Fogo Island Shed
Saunders Architecture’s new Fogo Island Shed expands the remit of the artistic and creative community on Fogo Island, Newfoundland. Starting with the opening of the award-winning Fogo Island Inn in 2013, Saunders Architecture has been the creative force behind the work of Shorefast, a charity established in 2003 by Zita, Anthony, and Alan Cobb to revitalise the Fogo Island economy. The Inn is a 100% social business, constructed using philanthropic funds with proceeds returning to Shorefast for reinvestment in the community. Saunders Architecture has been involved from the outset, designing the Inn along with a series of unique artists’ studios that are scattered across the island’s dramatic landscape. Throughout this ongoing project, architectural inspiration has been drawn from the vernacular forms of the region’s traditional fishermen’s stages and houses. The Fogo Island Shed builds on this tradition.
The new building combines contemporary forms with traditional techniques, evoking a strong sense of place through the simplicity and porosity of its interior and exterior volumes. Essentially a simple timber shed, the structure uses the studio’s trademark tilted and twisted geometry to create visual drama, as part of the wild Fogo Island landscape and from within the building itself. This architectural typology is an essential component of the island’s life over centuries, housing not just the fishing boats and nets, but also the construction of the boats themselves and the processing of the catch. Whether anchored to the land or set on stilts above the shoreline, the shed is a fundamental part of Fogo Island’s heritage. Throughout Shorefast’s history, the foundation has placed an emphasis on local produce and specialities, and the Shed is designed as a focal point for these activities. From the vital importance of cod through to the native berries found on the islands, the building forges a close link with the island’s traditions. These are also vital non-profit activities that bring the Inn and Shorefast closer to the community as a whole, helping improve the region’s economic renaissance.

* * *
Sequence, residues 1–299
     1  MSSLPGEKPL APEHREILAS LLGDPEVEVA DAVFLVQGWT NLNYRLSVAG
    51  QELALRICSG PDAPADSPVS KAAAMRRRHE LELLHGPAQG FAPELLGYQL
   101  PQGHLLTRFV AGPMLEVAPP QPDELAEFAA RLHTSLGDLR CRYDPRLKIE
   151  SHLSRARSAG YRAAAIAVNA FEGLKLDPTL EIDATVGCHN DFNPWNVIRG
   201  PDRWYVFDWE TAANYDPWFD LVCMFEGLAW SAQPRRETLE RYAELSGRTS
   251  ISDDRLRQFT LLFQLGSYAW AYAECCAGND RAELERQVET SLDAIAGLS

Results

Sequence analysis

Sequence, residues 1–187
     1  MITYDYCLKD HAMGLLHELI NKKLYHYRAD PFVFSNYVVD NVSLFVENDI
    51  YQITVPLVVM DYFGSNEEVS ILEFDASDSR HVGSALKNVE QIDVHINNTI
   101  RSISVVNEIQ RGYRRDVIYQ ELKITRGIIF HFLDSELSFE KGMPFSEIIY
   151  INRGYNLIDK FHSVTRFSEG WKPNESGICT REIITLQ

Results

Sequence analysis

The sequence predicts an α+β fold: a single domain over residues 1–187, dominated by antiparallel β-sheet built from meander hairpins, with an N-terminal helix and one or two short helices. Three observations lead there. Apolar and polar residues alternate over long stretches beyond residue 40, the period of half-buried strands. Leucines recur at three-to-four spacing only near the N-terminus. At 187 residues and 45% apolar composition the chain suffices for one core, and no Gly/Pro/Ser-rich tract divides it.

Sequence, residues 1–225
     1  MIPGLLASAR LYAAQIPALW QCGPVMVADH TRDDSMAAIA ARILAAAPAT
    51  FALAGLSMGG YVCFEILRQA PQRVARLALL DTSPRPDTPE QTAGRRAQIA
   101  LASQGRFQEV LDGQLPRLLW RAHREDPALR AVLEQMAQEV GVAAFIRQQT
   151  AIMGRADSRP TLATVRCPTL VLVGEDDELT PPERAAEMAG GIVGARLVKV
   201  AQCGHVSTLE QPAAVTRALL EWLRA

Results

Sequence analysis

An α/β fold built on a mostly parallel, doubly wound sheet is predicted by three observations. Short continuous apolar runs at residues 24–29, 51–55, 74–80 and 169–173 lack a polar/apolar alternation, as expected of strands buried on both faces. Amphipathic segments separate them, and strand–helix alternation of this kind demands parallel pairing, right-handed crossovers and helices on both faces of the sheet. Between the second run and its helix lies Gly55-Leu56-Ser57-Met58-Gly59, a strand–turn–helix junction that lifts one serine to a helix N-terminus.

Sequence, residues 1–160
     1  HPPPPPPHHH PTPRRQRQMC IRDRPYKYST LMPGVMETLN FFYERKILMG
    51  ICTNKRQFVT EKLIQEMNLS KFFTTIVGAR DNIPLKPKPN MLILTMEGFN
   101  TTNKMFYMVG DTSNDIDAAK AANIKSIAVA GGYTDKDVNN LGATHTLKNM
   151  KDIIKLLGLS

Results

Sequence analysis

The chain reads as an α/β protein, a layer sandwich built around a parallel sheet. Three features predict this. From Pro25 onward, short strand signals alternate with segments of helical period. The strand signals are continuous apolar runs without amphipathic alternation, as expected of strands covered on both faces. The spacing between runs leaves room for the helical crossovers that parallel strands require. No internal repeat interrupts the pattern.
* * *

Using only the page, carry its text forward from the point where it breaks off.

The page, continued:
The architecture forges a physical connection between community and landscape. The building has no electricity—a deliberate throwback to a simpler age that has the effect of focusing the mind, increasing awareness of the seasons and the light. Lit by kerosene lamps, it is strongly reminiscent of the cabins occupied by the majority of the islanders until very recently. ‘It has a strong atmosphere, like the cabin I grew up in as a kid,’ Todd Saunders explains, ‘we had kerosene lamps and when it got dark outside, you went over to candlelight. It slowed things down.’
Like all Saunders Architecture’s projects on Fogo Island, from the Inn to the artist’s studios, the Fogo Island Shed takes a local archetype—the traditional pitched roof house—and then pares back the form, using a combination of old and new materials and construction techniques to achieve a balanced, geometric simplicity. Designed and built using traditional methods in just six months, the main space is housed within a linear, rectangular form. This intersects with a covered entrance, a wind chamber with a steep mono-pitched roof that flares open at each end, framing the island and the seascape. The local construction team has worked closely together for nearly a decade and rapid construction is a requirement of Fogo Island’s fast-changing and challenging climate. The benefits of such a long working relationship are apparent in every joint and surface, building on the island’s longstanding and intuitive relationship between craft, material, and landscape.